Wendy Taylor Carlisle
Ha Kiet Chau
Brian Michael Barbeito
Hillary Jane Woolley
Brian Michael Barbeito
Flo Oy Wong
After reading the emails from the writers, I have decided to extend the deadline for the Mother’s Day 2015 Contest to June 30th, 2015. The new name for the contest is “Unconventional Motherhood.” For this contest, think about the mothers on the margins. The margins could be societal, economical, psychological, or any other that you can think of.
To spur your creative juices flowing in different directions, here is a link to the well-known story Thank You Ma’am by Langston Hughes. The story highlights a small slice of mothering in an unlikely situation. People receive lessons about life as well as mothering from unexpected sources throughout their lives without even realizing it.
Here is another point view about mothering. An article by Jane Aronson, “Why I Don’t Like Mother’s Day.”
Thank you for your patience and support. To submit an entry to the contest, write a story under 2500 words and send it in a MS Word document (.doc, .docx, or, .rtf) to theliterarynest (at) gmail.com. The contest deadline is June 30th, 2015.
May 10, 2015 is the Mother’s Day. Since that day in 1908, Anna Jarvis held the memorial for her mother in Grafton, West Virginia, the celebration has evolved into honoring and celebrating motherhood practically all over the world. What is your definition of motherhood? What comes to your mind when you think of the word mother?
We all have encountered many faces of literary mothers over our reading lives: from the kind and beloved mothers in Shyamchi Aai (Shyam’s Mother – A Marathi Classic) and The Little Women, to the uncertain mothers in Pride and Prejudice and The Mill on the Floss, to the wicked mothers in Hamlet and Lolita, to the tortured mothers in Sophie’s Choice and “Rani Ma Ka Chabutara” (Queen Mother’s Perch – A Hindi short story by Mannu Bhandari).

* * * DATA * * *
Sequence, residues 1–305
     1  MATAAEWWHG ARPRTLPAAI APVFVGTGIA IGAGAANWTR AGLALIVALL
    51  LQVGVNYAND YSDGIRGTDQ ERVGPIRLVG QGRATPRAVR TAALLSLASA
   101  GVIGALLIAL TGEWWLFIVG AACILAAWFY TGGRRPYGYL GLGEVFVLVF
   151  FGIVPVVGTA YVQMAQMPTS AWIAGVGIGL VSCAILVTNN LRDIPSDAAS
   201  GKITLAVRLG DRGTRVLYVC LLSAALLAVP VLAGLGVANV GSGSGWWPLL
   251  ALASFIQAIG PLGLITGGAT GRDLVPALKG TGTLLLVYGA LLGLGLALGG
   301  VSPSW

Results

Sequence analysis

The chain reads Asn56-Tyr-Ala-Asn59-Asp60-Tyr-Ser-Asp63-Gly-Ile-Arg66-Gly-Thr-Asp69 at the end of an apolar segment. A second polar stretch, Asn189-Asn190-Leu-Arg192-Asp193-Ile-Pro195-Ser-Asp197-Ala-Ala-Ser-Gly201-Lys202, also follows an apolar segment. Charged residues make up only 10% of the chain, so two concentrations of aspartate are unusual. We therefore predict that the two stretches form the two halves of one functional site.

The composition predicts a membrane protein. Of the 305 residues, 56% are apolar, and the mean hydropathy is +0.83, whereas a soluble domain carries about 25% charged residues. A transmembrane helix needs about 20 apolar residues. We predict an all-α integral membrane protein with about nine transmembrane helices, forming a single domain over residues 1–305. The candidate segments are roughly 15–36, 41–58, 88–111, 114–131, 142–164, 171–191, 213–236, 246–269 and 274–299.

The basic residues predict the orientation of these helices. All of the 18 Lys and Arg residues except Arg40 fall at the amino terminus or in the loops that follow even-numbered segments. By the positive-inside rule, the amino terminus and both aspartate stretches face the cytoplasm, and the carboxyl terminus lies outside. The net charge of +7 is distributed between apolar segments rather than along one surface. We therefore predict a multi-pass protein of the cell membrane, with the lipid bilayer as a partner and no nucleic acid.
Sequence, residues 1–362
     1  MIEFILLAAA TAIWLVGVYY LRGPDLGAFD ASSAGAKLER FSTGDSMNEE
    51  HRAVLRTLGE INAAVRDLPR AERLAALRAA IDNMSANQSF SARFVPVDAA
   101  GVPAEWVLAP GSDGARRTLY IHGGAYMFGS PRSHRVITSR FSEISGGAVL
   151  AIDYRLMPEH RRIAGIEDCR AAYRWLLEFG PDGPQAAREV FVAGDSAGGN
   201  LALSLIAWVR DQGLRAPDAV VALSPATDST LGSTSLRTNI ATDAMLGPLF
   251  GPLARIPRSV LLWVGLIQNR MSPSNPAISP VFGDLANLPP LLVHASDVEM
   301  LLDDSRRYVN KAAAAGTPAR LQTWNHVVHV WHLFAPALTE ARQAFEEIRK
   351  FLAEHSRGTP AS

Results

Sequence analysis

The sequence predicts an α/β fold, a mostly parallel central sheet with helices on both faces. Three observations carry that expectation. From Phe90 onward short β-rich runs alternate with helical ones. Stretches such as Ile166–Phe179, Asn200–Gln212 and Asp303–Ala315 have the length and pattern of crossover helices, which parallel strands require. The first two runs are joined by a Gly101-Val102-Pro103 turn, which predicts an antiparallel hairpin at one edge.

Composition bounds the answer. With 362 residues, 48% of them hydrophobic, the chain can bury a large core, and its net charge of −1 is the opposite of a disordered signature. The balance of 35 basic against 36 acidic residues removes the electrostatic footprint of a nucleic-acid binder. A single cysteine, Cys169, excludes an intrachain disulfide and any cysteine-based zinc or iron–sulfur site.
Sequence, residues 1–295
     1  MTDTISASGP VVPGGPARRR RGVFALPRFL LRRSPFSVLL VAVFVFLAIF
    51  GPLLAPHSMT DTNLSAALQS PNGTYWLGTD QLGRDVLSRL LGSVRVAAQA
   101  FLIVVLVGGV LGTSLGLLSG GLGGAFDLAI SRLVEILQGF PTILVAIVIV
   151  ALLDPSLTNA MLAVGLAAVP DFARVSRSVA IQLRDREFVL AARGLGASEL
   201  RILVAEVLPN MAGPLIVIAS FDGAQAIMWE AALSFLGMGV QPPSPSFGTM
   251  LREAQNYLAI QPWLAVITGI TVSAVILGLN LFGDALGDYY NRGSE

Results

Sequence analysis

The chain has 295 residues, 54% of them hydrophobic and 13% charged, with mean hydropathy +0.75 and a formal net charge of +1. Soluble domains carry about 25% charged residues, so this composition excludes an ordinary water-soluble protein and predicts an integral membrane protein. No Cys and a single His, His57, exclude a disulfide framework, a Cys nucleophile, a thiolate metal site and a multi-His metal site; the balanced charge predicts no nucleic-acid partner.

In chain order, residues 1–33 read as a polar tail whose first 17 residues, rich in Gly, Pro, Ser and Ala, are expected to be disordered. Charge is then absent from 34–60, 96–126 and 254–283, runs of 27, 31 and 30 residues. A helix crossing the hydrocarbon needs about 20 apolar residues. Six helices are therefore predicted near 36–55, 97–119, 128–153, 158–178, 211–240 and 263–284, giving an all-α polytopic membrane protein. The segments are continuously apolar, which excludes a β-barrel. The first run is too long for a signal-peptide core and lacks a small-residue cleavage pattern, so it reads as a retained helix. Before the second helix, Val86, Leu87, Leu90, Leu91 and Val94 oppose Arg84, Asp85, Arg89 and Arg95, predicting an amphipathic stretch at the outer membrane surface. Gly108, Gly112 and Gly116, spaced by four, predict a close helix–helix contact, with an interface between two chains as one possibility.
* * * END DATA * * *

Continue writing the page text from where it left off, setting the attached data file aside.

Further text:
Which one do you remember from your reading? For this contest, think about the mothers on the margins. The margins could be societal, economical, psychological, or any other that you can think of.
Think about it and then write a story under 2500 words and send it in a MS Word document (.doc, .docx, or, .rtf) to theliterarynest (at) gmail.com. We will publish the winning story on our site on the Mother’s Day 2015.
On this International Women’s Day, we salute the women of this world. Whoever you are or wherever you are. We admire your accomplishments in every field arts, science, engineering, farming, and every form of doing and being. We remember and pay tribute to the women of the world who suffer unspeakable horrors under the name of religion or culture.
Above all, we salute women who raise the sons who think of women as fellow human beings with strengths and frailties, and not as goddesses, bitches, or whores.
Night Island by Mary Helen Specht
Prairie Schooner Winter 2014 Issue Volume 88 Number 3
I read this gently told story about a week ago, and I can’t forget it. Who would have thought a National Geographic-asque account would turn into a subtle fable of man’s transgressions against the nature? A couple observes the mating rituals of the turtles by the beach, and the tone in the earlier part of the story is measured and research-erly,
“Billy straddled the animal’s rubbery back in order to measure her shell at the widest point and then her head. Isabella jotted down the numbers in a notebook.”
Just a couple of researchers doing their duty, but what the narrator observes in the end is heartbreaking. The tone of the narrator at the end is non-judgmental and stoic, but it delivers the necessary punch regardless. The subtle suggestion earlier in the story,
“[…]she liked to imagine her own belly full of babies and to wonder if—one day—they would look like her or like him.”
foreshadows the conclusion of the story. Yet another observation by the narrator,
“Billy’s eyes were trained on the turtle’s underbelly, and it was during these moments Isabella felt most alone; by his total concentration on the animal, he pressed his absence through her.”
hints at the discord between the characters and suggests that Isabella carries the burden of conscience, and she is attuned to the injustice they are about to inflict on the animal realm.
The story is available online, (at least for now): http://prairieschooner.unl.edu/excerpt/night-island